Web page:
This Sunday night, a probe-equipped rocket is scheduled for a quick jaunt into space, its sights set on collecting a treasure trove of data about a 20,000-year-old stellar explosion aftermath in the Cygnus constellation. This celestial object—also called the Cygnus Loop or Veil Nebula—is a massive sprawl of dust and gas, birthed from a cataclysmic event that spelled the end for a star two decades of millennia ago. And guess what? This cosmic aftermath is still getting bigger.
The mission’s lift-off is slated for 11:35 PM ET on Sunday, October 29, courtesy of New Mexico’s White Sands Missile Range. The equipment aboard, dubbed the Integral Field Ultraviolet Spectroscopic Experiment (or INFUSE if you’re not into the whole brevity thing), will fixate on the Cygnus Loop for a handful of minutes. The goal? To capture far-ultraviolet light that will shed light—pun totally intended—on gases that are hot. How hot, you ask? We’re talking between 90,000 and 540,000 degrees Fahrenheit hot. After its brief foray into space, the rocket is expected to ascend to an altitude of roughly 150 miles before making its parachute-assisted return to Terra Firma.
Located a not-so-next-door 2,600 light-years away, the Cygnus Loop is the byproduct of a stellar meltdown involving a star believed to have been about 20 times the size of our own sun. The ongoing cosmic drama—the cloud of debris is currently expanding at a breakneck speed of 930,000 miles per hour—makes it an excellent subject for understanding how supernovae contribute to the birth of new star systems. “These kinds of supernovae, like the one responsible for the Cygnus Loop, are major players in the galaxy formation game,” noted Brian Fleming, who leads the INFUSE mission.
Fleming elaborated, “Our INFUSE mission aims to observe how the supernova’s energy disperses into the Milky Way by capturing light emitted as the explosion’s shock wave collides with floating reservoirs of cold galactic gas.” After INFUSE is safely back on home soil and the gathered data has been scrutinized, the team has plans to refurbish the equipment for another skyward expedition in the future.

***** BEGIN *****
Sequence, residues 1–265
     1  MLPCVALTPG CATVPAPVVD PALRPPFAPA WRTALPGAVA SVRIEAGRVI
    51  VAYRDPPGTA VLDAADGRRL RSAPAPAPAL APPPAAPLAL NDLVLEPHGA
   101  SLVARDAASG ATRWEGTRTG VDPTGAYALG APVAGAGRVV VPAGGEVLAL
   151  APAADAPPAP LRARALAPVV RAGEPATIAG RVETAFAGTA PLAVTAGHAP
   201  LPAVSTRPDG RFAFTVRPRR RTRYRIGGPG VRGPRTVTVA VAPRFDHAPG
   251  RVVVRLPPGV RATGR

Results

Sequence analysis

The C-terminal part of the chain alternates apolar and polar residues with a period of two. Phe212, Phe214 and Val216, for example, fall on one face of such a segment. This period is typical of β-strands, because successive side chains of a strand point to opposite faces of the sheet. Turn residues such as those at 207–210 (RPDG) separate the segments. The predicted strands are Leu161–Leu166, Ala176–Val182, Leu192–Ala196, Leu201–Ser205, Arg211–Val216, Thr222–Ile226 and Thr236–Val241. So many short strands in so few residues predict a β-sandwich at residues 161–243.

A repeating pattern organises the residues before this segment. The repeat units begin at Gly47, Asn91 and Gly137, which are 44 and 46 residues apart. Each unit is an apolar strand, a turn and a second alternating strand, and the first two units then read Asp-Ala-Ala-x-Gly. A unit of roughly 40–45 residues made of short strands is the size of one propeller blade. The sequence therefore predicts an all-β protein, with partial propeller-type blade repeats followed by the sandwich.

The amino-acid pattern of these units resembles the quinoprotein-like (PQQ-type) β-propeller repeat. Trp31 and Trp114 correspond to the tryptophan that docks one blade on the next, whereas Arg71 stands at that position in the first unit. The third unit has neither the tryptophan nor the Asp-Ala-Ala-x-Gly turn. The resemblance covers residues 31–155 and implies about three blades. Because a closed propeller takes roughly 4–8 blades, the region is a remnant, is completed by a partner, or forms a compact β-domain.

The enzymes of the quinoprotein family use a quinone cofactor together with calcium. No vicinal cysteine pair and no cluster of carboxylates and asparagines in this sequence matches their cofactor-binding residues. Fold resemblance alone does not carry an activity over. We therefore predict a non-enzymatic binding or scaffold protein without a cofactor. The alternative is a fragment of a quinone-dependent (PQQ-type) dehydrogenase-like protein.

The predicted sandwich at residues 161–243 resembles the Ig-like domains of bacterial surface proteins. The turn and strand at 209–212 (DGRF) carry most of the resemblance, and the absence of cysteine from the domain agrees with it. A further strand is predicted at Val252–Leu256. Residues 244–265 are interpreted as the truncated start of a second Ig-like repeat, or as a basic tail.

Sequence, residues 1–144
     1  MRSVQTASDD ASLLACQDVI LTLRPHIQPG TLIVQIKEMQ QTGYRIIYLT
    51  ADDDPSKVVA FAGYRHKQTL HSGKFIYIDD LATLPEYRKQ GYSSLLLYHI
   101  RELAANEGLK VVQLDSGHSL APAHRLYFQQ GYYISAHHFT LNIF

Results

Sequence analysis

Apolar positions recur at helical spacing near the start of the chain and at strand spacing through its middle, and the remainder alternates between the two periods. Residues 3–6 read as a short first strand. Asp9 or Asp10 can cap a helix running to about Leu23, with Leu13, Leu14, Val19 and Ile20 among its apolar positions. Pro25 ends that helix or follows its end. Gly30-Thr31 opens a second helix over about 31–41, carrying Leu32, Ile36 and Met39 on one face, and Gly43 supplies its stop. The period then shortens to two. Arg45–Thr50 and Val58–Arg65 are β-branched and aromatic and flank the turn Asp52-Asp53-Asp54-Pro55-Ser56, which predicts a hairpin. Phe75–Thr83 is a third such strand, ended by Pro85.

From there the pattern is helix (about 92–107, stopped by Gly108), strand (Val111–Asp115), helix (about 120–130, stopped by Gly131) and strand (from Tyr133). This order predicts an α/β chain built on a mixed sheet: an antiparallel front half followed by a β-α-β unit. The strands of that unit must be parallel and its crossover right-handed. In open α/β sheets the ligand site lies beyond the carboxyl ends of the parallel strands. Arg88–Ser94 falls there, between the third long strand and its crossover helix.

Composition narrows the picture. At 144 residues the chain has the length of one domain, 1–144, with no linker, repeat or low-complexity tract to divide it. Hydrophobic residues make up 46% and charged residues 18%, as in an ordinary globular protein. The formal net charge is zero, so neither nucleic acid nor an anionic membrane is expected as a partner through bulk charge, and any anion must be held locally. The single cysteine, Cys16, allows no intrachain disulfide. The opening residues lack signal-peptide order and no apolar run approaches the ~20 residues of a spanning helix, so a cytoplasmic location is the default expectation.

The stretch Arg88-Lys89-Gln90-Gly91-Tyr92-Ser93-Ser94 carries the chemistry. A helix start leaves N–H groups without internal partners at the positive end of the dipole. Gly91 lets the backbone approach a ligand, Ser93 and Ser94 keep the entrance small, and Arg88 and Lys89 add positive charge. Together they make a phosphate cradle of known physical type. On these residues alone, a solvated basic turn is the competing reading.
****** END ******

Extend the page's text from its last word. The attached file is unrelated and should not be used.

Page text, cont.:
Frequently Asked Questions (FAQs) about Cygnus Loop Supernova Study
What is the main objective of the rocket launch this Sunday?
The primary goal is to study the Cygnus Loop, a 20,000-year-old supernova remnant located in the Cygnus constellation. The mission aims to collect data on this celestial object to understand its properties and how such events contribute to galaxy formation.
What equipment will the rocket carry for this mission?
The rocket will carry an instrument called the Integral Field Ultraviolet Spectroscopic Experiment (INFUSE). This equipment is designed to observe the Cygnus Loop in far-ultraviolet wavelengths and capture data on gases with temperatures ranging from 90,000 to 540,000 degrees Fahrenheit.
When and where is the rocket being launched?
The mission is set to lift off at 11:35 PM ET on Sunday, October 29. The launch site is the White Sands Missile Range in New Mexico.
How far away is the Cygnus Loop?
The Cygnus Loop is located about 2,600 light-years away from Earth.
How long will the mission last?
The INFUSE instrument will observe the Cygnus Loop for just a few minutes. The rocket will ascend to an altitude of about 150 miles before parachuting back to Earth.
What do we know about the Cygnus Loop’s formation?
The Cygnus Loop was formed by the explosion of a star estimated to be 20 times the size of our sun around 20,000 years ago. The remnant is still expanding, currently at a rate of 930,000 miles per hour.
Who is leading this mission?
Brian Fleming is the principal investigator for the INFUSE mission. He emphasizes the importance of studying supernovae like the Cygnus Loop to understand their impact on galaxy formation.
What will happen to the equipment after the mission?
Once INFUSE is back on Earth and the data has been analyzed, the team plans to refurbish the equipment for future missions.